In 2009-2010, a process had been initiated by Food Standards Australia New Zealand (FSANZ) to incorporate food safety primary production and processing standards for horticultural produce into the Australia New Zealand Food Standards Code (Food Standards Code). However, the PMA and some of the major produce importers opposed the inclusion in the Food Standards Code of a set of food safety standards for their industry sector. Ultimately, the Federal Government relented and the FSANZ process for developing a new mandatory food safety standard was aborted.

The reasons given at the time for the abandonment of the proposals included: the fact that the majority of horticulture product grown in Australia is already grown under a food safety scheme, and that a better understanding of those products that were not grown under a food safety scheme was required before further regulation should be considered.

FSANZ proposed a collaboration between the horticulture industry and government – with suggested measures such as “targeted guidance, codes of practice, education materials and training” and better through-chain traceability measures.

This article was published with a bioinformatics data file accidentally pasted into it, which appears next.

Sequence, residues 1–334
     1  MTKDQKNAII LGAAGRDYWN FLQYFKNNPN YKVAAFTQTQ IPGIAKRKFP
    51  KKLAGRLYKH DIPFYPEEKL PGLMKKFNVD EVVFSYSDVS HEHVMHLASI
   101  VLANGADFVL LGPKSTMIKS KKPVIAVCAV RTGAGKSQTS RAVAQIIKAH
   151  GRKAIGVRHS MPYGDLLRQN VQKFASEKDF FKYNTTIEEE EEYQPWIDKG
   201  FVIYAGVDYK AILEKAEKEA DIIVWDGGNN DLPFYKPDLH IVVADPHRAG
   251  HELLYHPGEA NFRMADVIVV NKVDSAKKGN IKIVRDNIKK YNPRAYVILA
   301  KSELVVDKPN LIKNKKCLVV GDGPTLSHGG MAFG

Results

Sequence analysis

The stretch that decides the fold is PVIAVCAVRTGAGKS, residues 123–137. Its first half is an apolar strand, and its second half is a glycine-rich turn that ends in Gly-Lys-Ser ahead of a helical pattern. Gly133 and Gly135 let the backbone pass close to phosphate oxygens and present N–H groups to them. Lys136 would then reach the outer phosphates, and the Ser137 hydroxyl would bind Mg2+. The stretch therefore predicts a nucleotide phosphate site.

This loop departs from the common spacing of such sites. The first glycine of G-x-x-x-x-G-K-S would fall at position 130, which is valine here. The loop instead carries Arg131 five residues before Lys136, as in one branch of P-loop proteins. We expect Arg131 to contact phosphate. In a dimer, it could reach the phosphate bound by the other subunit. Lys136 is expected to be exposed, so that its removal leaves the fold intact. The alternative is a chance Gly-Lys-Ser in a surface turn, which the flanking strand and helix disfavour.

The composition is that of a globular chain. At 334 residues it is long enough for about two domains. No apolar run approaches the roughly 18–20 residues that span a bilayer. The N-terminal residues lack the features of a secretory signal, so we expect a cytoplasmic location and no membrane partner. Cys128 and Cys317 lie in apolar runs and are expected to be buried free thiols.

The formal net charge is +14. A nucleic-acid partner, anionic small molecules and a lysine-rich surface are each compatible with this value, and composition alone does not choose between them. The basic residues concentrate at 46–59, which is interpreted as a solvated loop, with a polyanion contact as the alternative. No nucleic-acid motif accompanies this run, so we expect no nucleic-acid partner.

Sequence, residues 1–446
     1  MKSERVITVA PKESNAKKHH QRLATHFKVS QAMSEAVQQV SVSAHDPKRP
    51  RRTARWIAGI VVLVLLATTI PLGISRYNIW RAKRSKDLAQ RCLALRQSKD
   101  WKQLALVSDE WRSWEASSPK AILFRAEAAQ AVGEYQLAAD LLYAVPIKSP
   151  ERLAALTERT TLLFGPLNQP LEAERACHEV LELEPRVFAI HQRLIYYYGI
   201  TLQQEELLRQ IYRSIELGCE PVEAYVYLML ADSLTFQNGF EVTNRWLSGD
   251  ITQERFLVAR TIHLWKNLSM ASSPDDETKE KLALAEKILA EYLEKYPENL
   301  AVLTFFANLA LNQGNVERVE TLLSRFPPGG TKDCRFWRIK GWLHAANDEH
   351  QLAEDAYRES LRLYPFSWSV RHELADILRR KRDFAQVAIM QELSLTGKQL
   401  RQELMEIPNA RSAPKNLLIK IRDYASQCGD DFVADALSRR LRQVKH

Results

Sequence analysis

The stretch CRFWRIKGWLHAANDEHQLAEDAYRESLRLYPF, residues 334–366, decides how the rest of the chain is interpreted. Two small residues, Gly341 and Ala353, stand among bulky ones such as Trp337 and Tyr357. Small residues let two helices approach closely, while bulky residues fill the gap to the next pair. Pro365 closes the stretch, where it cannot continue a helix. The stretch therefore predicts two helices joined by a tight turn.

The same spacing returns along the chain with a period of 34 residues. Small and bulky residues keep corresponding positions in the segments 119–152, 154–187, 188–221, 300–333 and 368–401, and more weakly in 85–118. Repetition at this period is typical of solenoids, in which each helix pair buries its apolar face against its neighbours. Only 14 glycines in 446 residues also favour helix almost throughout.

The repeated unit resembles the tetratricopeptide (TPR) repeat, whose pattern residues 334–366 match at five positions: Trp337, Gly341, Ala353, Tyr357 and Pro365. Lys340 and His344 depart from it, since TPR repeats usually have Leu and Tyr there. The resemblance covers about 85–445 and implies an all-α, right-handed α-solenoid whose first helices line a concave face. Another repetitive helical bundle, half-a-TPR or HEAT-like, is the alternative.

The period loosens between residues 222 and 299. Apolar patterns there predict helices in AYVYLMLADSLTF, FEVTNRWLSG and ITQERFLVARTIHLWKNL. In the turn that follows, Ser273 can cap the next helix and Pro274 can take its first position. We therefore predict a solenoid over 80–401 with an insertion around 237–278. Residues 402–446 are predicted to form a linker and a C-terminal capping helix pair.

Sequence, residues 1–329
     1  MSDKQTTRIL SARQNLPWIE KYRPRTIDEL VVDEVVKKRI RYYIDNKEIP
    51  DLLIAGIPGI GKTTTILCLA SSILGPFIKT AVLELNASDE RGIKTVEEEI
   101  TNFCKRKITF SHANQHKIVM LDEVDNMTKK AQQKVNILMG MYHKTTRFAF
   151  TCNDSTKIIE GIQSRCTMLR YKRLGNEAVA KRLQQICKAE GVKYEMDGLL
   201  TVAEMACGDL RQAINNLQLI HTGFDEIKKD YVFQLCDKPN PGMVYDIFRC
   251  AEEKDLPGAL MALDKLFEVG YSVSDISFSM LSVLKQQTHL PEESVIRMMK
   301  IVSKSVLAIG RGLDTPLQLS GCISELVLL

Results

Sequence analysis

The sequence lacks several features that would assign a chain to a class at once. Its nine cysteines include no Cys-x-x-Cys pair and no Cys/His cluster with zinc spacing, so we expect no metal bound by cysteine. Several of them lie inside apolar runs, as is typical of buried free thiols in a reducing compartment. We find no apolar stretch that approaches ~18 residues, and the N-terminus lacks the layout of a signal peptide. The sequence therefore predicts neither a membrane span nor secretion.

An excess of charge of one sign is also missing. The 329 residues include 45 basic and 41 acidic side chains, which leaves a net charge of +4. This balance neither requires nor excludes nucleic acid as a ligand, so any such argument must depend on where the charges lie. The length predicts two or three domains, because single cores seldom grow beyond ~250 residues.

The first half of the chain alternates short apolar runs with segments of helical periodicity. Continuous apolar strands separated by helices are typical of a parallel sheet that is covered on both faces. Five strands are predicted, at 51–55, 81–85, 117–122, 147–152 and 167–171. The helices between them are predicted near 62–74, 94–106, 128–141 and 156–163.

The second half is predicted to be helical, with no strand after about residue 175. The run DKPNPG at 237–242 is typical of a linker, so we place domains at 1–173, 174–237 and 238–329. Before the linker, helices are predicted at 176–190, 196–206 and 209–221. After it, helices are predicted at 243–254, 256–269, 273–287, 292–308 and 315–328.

The PMA took the initiative to establish the concept of a ‘fresh produce safety centre’ with government and industry backing.

Some commentators are now consider the whole process a ‘waste of time and industry resources, and taxpayer funds’, especially for growers, supermarkets and other operators in the horticultural supply chain within Australia.

Meat (and science) mythologies

My latest for Texas A&M’s Center for Food Safety:

HomePage_Soliloquy_powellsworld_aprilOn September 11, 1998, the journal Science published a paper by Cornell and U.S. Department of Agriculture science-thingies that concluded the key to reducing E. coli O157 in cattle was to feed them hay instead of grain beginning five days before slaughter.

The PR writers and journalists had a hay day, saying “a simple change in cattle diets in the days before slaughter may reduce the risk of E. coli infections in humans” or this N.Y.Times headline, “E. coli bacteria can be eliminated from cattle, researchers find.”

Food safety isn’t that simple.

Science isn’t that simple.

Michael Osterholm, director of the Center for Infectious Disease Research and Policy and professor in the School of Public Health at the University of Minnesota wrote in 2007 that the frequently cited Cornell study, was “based on a study of three cows rotated on different diets and for which the researchers did not even test for E. coli O157:H7. Unfortunately, the authors extrapolated these incredibly sparse results to the entire cattle industry.”